Recently, Marie Kondo wrote a book called The Life-Changing Magic of Tidying Up.
I haven’t read the book yet, as it’s on my hold list at the library.
(I am legitimately excited about this because I read books about cleaning/organizing for fun.)
Anyway, in the (um, spirited) discussions on these posts, cleaning and decluttering are sometimes framed as an oppressive something or other that’s been foisted upon women in particular.
The idea is basically that women are desperately trying to live up to society’s cleanliness/organizational standards, and that they feel worthless if they’re not successful.
I’ve been pondering this since reading the posts a few weeks ago, and as I was working through the post-holiday, post-sickness mess at my house, I’ve come to feel more and more certain that I think this is ridiculous.
At least for me.
I can’t speak for every woman, but I personally do not clean and organize and declutter in order to conform to an arbitrary standard that’s been held up for me.
I clean and declutter because *I* want to.
It’s not that I’m trying to make my house look like a magazine, or that I’m trying to find my worth in the state of my house.
I’m also not trying to live up to a standard set by my husband.
(Like me, he’d love for things to be cleaner/neater than they are, but he recognizes that we live in a house with kids and that there are only so many hours in the day for either of us to work on the house.)
And when my house gets messy, I don’t feel worthless and I’m not even embarrassed.
In fact, it seriously does not bother me in the slightest to post pictures of clutter on my blog.
But the thing is, my life just does not work well when things are messy because….
I function better in spaces that aren’t messy.
When my not-so-spacious kitchen counters are cluttered, it is very, very hard to cook dinner, and that makes my life frustrating.
When I can barely make my way to the washer and dryer in my laundry room, doing laundry is an enormous pain.
When my shelves are cluttered with too much stuff, it’s hard to put things away neatly. And when I don’t put things away neatly, I can’t find stuff when I want it.
When my fridge gets cluttered, I forget about food and it rots.
When I let papers pile up, I forget about things I’m supposed to pay/respond to.
(Digital clutter has the same affect on me…when my email inbox gets out of control, I lose track of things I’m supposed to be doing and miss deadlines!)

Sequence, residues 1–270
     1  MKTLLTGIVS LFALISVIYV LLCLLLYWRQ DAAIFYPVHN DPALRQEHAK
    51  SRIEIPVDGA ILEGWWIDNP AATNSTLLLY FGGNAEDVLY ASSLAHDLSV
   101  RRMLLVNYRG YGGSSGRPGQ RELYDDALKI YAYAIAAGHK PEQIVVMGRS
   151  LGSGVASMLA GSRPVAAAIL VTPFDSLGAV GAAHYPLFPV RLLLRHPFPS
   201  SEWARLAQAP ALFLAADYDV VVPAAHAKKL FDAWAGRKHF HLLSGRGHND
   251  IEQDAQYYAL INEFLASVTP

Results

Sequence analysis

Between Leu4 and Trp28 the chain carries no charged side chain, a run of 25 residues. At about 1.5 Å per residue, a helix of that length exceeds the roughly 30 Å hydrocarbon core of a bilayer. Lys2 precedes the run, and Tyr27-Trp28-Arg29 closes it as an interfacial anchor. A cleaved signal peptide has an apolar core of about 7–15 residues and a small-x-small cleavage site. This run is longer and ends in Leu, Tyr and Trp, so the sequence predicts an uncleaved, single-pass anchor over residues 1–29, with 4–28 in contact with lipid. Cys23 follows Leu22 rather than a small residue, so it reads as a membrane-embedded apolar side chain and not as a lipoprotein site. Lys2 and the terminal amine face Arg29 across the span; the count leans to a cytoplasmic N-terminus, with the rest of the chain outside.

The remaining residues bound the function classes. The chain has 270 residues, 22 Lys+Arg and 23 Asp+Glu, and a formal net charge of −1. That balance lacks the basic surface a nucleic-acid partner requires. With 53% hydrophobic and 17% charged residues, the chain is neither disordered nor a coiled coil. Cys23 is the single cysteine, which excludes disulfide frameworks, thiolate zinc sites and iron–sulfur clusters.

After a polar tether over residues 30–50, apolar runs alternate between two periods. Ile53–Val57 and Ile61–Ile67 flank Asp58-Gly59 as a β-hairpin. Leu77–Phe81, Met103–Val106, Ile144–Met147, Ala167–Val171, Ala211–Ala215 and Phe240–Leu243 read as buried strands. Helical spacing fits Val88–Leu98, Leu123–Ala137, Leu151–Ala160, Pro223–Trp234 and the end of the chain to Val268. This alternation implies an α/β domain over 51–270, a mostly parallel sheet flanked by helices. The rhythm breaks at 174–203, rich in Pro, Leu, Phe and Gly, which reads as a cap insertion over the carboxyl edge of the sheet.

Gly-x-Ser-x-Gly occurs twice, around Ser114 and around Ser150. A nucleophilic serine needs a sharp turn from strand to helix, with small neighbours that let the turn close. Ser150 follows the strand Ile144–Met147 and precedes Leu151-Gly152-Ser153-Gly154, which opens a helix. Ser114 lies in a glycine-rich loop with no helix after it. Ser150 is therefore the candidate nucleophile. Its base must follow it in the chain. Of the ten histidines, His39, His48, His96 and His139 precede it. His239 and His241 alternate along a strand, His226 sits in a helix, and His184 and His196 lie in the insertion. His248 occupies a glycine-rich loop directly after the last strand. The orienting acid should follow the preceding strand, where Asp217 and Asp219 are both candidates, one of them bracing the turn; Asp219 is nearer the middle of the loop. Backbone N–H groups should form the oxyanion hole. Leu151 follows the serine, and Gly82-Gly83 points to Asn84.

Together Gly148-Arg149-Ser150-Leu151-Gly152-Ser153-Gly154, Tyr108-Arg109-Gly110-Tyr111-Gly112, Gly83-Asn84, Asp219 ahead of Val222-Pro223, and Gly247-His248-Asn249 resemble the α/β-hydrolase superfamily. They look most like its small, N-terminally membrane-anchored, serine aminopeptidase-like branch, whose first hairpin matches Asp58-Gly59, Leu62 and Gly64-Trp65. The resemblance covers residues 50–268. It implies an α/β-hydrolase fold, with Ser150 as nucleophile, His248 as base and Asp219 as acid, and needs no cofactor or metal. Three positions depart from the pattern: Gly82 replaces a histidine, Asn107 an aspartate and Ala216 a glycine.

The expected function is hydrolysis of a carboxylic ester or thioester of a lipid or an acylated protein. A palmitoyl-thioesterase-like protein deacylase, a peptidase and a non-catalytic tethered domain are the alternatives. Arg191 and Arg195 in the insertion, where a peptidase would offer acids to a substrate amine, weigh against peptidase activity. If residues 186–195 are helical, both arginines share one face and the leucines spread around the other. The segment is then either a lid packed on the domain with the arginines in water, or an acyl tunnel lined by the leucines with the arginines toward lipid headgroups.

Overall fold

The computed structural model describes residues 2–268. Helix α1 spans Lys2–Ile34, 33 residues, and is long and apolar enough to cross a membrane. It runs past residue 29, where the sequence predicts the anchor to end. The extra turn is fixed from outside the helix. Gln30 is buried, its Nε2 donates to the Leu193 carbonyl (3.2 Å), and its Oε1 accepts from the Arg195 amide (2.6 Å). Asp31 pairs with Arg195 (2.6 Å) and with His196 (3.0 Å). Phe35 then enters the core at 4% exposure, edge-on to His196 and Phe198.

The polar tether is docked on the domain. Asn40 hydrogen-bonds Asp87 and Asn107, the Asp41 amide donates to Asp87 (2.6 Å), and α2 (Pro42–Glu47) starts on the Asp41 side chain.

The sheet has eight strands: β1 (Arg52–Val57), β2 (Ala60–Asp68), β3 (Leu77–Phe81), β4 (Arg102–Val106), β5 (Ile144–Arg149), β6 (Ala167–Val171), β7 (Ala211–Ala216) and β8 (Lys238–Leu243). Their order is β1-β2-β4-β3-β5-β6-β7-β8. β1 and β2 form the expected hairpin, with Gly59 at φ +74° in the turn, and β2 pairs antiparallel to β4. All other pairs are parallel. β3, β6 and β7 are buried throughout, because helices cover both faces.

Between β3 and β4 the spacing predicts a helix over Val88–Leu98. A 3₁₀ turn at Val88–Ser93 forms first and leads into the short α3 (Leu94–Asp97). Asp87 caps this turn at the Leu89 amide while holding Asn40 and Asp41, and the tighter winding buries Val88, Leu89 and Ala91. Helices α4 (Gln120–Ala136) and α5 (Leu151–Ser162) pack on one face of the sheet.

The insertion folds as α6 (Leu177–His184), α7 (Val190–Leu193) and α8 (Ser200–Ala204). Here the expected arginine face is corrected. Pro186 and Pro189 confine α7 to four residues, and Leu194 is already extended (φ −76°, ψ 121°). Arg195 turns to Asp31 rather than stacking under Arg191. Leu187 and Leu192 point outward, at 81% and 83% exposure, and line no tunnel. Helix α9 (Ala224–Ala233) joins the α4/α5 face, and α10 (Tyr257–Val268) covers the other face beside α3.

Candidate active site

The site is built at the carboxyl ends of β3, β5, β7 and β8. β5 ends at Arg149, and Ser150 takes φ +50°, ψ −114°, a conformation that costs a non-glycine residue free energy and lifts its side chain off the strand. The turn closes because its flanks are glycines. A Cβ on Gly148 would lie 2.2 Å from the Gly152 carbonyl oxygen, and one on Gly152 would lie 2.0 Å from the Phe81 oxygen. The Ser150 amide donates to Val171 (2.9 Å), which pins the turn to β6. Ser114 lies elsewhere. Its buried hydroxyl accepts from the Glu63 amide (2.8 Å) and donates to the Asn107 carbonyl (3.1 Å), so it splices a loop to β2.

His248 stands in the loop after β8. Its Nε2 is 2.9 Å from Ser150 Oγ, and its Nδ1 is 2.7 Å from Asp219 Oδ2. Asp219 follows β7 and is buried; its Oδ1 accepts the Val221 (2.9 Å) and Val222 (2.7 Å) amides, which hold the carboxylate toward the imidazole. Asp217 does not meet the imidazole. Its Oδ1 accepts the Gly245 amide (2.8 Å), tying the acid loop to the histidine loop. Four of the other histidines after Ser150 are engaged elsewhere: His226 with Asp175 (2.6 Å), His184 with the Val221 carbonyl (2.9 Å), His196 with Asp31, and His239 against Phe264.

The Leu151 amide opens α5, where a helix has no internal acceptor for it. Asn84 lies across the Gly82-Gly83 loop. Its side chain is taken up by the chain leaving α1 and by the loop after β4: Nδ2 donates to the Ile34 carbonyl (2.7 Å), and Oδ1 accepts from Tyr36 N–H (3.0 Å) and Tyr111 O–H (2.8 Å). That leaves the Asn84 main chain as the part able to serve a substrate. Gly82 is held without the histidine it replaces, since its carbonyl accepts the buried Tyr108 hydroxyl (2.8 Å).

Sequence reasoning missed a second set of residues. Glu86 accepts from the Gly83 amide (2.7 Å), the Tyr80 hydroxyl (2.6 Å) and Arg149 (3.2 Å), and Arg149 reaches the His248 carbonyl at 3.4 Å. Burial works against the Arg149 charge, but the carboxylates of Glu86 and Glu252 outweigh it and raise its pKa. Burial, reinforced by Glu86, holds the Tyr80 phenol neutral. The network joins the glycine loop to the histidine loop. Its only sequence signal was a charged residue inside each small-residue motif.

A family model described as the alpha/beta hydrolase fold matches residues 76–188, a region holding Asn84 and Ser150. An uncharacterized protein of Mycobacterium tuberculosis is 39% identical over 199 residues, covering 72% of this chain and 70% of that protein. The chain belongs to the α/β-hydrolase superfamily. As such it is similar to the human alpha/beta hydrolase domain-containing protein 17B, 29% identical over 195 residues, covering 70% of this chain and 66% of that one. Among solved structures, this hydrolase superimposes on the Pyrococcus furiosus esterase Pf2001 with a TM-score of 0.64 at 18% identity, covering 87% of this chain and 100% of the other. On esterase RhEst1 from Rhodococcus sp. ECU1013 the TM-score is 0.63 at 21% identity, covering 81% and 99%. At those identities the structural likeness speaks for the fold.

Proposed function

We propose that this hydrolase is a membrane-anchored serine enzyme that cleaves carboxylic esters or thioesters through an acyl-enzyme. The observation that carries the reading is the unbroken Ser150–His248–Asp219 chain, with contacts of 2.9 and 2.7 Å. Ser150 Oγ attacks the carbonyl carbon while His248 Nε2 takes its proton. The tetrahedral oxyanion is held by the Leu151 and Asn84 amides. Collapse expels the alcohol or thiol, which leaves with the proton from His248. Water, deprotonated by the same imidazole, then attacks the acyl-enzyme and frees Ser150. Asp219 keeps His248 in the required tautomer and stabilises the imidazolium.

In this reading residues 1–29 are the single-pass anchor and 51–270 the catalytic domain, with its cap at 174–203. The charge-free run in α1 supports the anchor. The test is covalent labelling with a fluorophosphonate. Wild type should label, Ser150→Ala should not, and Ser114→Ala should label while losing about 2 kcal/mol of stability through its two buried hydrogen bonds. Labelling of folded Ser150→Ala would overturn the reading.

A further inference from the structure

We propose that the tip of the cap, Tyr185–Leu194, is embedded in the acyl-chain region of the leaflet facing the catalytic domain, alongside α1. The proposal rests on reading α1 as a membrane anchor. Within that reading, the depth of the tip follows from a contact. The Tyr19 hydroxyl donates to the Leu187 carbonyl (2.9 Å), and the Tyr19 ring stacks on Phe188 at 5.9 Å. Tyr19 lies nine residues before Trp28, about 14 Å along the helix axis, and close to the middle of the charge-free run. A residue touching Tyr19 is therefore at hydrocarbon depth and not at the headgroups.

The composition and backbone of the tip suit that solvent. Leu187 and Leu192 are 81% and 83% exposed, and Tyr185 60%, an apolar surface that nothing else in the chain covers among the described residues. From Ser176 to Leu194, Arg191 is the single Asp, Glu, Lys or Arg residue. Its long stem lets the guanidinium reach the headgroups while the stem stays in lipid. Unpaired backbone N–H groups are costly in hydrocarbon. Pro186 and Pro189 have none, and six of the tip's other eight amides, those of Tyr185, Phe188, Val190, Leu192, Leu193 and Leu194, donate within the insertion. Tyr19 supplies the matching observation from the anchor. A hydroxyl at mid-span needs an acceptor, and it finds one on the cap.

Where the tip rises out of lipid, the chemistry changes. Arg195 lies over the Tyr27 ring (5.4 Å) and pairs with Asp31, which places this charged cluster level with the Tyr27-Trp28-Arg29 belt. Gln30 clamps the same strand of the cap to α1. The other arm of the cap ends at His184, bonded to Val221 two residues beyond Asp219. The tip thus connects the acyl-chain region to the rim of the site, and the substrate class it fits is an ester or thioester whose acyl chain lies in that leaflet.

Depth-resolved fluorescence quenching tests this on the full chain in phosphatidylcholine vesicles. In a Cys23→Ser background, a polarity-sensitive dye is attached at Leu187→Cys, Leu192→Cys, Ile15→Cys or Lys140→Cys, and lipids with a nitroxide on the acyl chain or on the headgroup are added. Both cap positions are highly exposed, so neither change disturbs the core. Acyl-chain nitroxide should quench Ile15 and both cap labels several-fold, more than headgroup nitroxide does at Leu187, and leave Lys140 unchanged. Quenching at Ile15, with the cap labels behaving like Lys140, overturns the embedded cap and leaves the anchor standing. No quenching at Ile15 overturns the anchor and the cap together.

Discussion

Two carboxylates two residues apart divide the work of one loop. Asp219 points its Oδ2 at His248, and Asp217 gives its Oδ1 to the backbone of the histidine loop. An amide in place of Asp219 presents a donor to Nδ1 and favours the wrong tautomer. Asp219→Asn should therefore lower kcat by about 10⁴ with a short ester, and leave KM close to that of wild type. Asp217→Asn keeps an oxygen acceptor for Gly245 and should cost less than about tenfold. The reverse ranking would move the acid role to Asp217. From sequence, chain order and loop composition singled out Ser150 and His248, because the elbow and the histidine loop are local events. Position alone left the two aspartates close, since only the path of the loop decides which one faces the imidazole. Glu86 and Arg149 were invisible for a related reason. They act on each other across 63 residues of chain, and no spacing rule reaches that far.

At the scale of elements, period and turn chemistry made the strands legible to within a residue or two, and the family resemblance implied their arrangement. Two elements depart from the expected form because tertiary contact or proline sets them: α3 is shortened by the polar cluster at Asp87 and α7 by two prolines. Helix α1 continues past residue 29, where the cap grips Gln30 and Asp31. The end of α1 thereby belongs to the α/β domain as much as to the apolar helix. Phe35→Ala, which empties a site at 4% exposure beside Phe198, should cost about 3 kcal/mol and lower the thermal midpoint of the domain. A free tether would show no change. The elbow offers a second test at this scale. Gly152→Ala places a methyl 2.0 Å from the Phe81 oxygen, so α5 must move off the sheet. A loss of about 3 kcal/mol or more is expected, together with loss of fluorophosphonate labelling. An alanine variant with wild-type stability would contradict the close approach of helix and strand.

What serves you?
I know some people function well with a much higher level of mess than I can handle and on the other hand, some people would feel like my house was WAY too messy to function in.
What’s important, though, is to figure out what works for you. What level of neatness serves you and your household well?
If that’s being super-de-duperly clean and neat, I don’t think those of us who are slightly messier should give the side-eye and be all, “Oh, geez. She probably has OCD and/or is mindlessly catering to the standards handed her by the patriarchy.”
And the super-de-duperly clean and neat among us shouldn’t look down on those who function fine with a few things out of place.
For me and my household, keeping a fairly medium level of neatness and organization works well.
I try to keep my counters clear, I try to stay caught up paperwork, I don’t usually get behind on laundry, we do dishes every day, I get rid of things on a regular basis and think really hard before I bring new items into the house.
So, neatness really seems to help my household run better, but there are a lot of other nice-but-not-necessary things (mostly cleaning chores) that I let slide.
For instance, I don’t do a super consistent job of dusting things, I don’t wash my floors very often, and my shower usually grows pink stuff before I scrub it.
In an ideal world, my heart would be thrilled by taking care of all those cleaning chores promptly. But I’m ok with letting those go.
Cluttered and unusable counters = Unpleasant Kristen.
But dusty fan blades really don’t affect me.
To maintain a healthy relationship with cleaning/decluttering, don’t compare your house to a magazine or TV show or to someone else’s house. Instead, figure out what works for your household, and what would best serve you and the rest of your housemates.
Once you’ve figured out what is necessary to make your life hum along nicely, make that your goal, and seriously, don’t worry about what everyone else is doing.